4. In order to facilitate adjustment in a situation where the expected duration of a transitional safeguard measure is over one year, the Party that applies the measure shall progressively liberalise it at regular intervals during the period of application.
5. On the termination of a transitional safeguard measure, the Party that applied the measure shall apply the rate of customs duty set out in the Party’s Schedule to Annex 2-D (Tariff Commitments) as if that Party had never applied the transitional safeguard measure.
6. No Party shall apply a transitional safeguard measure more than once on the same good.
Article 6.5: Investigation Procedures and Transparency Requirements
1. A Party shall apply a transitional safeguard measure only following an investigation by the Party’s competent authorities in accordance with Article 3 and Article 4.2(c) of the Safeguards Agreement; to this end, Article 3 and Article 4.2(c) of the Safeguards Agreement are incorporated into and made part of this Agreement, mutatis mutandis.
2. In the investigation described in paragraph 1, the Party shall comply with the requirements of Article 4.2(a) and Article 4.2(b) of the Safeguards Agreement; to this end, Article 4.2(a) and Article 4.2(b) of the Safeguards Agreement are incorporated into and made part of this Agreement, mutatis mutandis.
Article 6.6: Notification and Consultation
1. A Party shall promptly notify the other Parties, in writing, if it:
(a) initiates a transitional safeguard investigation under this Chapter;
(b) makes a finding of serious injury, or threat of serious injury, caused by increased imports, as set out in Article 6.3 (Imposition of a Transitional Safeguard Measure);
(c) takes a decision to apply or extend a transitional safeguard measure; and
(d) takes a decision to modify a transitional safeguard measure previously undertaken.
2. A Party shall provide to the other Parties a copy of the public version of the report of its competent authorities that is required under Article 6.5.1 (Investigation Procedures and Transparency Requirements).
3. When a Party makes a notification pursuant to paragraph 1(c) that it is applying or extending a transitional safeguard measure, that Party shall include in that notification:
(a) evidence of serious injury, or threat of serious injury, caused by increased imports of an originating good of another Party or Parties as a result of the reduction or elimination of a customs duty pursuant to this Agreement;
(b) a precise description of the originating good subject to the transitional safeguard measure including its heading or subheading under the HS Code, on which the schedules of tariff commitments in Annex 2-D (Tariff Commitments) are based;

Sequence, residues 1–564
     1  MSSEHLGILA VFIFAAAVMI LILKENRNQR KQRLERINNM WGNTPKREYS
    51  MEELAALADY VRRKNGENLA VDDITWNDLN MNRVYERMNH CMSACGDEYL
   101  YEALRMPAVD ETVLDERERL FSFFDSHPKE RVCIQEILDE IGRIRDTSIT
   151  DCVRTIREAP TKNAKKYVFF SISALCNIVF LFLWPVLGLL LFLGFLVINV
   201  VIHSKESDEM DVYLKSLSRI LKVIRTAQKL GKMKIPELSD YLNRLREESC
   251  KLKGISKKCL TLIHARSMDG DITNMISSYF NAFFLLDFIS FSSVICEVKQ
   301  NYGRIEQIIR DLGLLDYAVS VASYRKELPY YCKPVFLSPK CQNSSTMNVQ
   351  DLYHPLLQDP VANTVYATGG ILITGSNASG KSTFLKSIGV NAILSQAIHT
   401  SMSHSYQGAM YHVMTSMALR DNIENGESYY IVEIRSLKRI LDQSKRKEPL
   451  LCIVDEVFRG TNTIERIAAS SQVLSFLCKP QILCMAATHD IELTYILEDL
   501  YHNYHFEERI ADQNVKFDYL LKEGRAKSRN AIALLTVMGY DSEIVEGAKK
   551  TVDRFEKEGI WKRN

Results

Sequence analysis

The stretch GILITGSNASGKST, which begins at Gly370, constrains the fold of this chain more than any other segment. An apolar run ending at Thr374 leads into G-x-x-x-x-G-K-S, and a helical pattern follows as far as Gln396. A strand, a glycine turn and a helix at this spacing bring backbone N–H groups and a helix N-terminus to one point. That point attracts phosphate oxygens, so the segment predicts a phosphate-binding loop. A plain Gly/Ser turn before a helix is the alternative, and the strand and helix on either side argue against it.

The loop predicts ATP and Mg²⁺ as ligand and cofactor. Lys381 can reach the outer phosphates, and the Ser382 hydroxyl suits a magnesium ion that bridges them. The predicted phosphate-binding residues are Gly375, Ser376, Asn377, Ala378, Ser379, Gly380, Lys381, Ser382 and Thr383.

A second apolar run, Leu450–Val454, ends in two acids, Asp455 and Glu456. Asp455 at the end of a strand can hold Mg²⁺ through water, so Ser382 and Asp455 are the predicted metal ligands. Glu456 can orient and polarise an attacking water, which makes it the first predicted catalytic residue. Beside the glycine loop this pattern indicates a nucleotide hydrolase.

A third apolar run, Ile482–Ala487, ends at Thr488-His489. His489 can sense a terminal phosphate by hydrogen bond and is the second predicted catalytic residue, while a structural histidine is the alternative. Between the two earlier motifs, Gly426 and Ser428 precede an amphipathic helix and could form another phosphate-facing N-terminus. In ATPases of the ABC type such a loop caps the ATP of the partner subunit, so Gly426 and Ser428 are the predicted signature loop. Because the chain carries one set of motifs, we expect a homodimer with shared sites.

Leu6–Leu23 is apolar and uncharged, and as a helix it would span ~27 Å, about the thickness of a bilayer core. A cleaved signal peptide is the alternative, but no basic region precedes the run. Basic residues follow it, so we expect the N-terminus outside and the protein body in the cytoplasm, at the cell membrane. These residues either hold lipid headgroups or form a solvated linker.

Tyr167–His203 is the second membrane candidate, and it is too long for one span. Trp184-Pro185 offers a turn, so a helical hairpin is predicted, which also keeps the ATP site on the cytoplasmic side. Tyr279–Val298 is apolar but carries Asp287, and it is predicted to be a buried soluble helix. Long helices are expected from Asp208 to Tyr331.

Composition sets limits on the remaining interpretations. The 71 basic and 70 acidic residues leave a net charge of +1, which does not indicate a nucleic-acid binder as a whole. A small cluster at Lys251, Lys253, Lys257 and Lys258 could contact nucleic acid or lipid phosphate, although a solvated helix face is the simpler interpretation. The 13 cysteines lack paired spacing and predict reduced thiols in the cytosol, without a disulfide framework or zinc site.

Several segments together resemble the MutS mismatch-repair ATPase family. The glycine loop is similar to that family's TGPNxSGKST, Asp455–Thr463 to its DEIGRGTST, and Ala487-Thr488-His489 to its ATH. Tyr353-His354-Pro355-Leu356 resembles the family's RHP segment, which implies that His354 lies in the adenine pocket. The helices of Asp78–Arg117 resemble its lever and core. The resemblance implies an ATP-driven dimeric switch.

(c) a precise description of the transitional safeguard measure;
(d) the date of the transitional safeguard measure’s introduction, its expected duration and, if applicable, a timetable for progressive liberalisation of the measure; and
(e) in the case of an extension of the transitional safeguard measure, evidence that the domestic industry concerned is adjusting.
4. On request of a Party whose good is subject to a transitional safeguard proceeding under this Chapter, the Party that conducts that proceeding shall enter into consultations with the requesting Party to review a notification under paragraph 1 or any public notice or report that the competent investigating authority issued in connection with the proceeding.
Article 6.7: Compensation
1. A Party applying a transitional safeguard measure shall, after consultations with each Party against whose good the transitional safeguard measure is applied, provide mutually agreed trade liberalising compensation in the form of concessions that have substantially equivalent trade effects or equivalent to the value of the additional duties expected to result from the transitional safeguard measure. The Party shall provide an opportunity for those consultations no later than 30 days after the application of the transitional safeguard measure.
2. If the consultations under paragraph 1 do not result in an agreement on trade liberalising compensation within 30 days, any Party against whose good the transitional safeguard measure is applied may suspend the application of substantially equivalent concessions to the trade of the Party applying the transitional safeguard measure.
3. A Party against whose good the transitional safeguard measure is applied shall notify the Party applying the transitional safeguard measure in writing at least 30 days before it suspends concessions in accordance with paragraph 2.
4. The obligation to provide compensation under paragraph 1 and the right to suspend concessions under paragraph 2 terminates on the termination of the transitional safeguard measure.
Section B: Antidumping and Countervailing Duties
Article 6.8: Antidumping and Countervailing Duties
1. Each Party retains its rights and obligations under Article VI of GATT 1994, the AD Agreement and the SCM Agreement.
2. Nothing in this Agreement shall confer any rights or impose any obligations on the Parties with regard to proceedings or measures taken pursuant to Article VI of GATT 1994, the AD Agreement or the SCM Agreement.
3. No Party shall have recourse to dispute settlement under Chapter 28 (Dispute Settlement) for any matter arising under this Section or Annex 6-A (Practices Relating to Antidumping and Countervailing Duty Proceedings).
Practices Relating to Antidumping and Countervailing Duty Proceedings